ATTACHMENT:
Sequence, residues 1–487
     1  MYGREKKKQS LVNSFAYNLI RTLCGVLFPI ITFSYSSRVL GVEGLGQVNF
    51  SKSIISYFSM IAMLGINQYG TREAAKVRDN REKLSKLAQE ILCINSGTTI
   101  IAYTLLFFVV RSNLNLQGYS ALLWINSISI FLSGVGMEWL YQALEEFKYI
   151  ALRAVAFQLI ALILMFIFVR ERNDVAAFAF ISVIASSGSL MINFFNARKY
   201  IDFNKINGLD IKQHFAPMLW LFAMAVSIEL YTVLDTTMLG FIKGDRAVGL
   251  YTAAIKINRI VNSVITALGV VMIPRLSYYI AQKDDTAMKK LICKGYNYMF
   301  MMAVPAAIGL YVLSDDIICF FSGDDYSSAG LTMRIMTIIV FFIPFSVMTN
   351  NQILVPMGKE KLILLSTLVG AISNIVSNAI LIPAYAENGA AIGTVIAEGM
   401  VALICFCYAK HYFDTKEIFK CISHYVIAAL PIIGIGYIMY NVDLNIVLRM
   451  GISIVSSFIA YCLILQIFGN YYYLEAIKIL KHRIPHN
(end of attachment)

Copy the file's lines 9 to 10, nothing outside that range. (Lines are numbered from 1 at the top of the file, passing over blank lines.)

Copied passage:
   351  NQILVPMGKE KLILLSTLVG AISNIVSNAI LIPAYAENGA AIGTVIAEGM
   401  VALICFCYAK HYFDTKEIFK CISHYVIAAL PIIGIGYIMY NVDLNIVLRM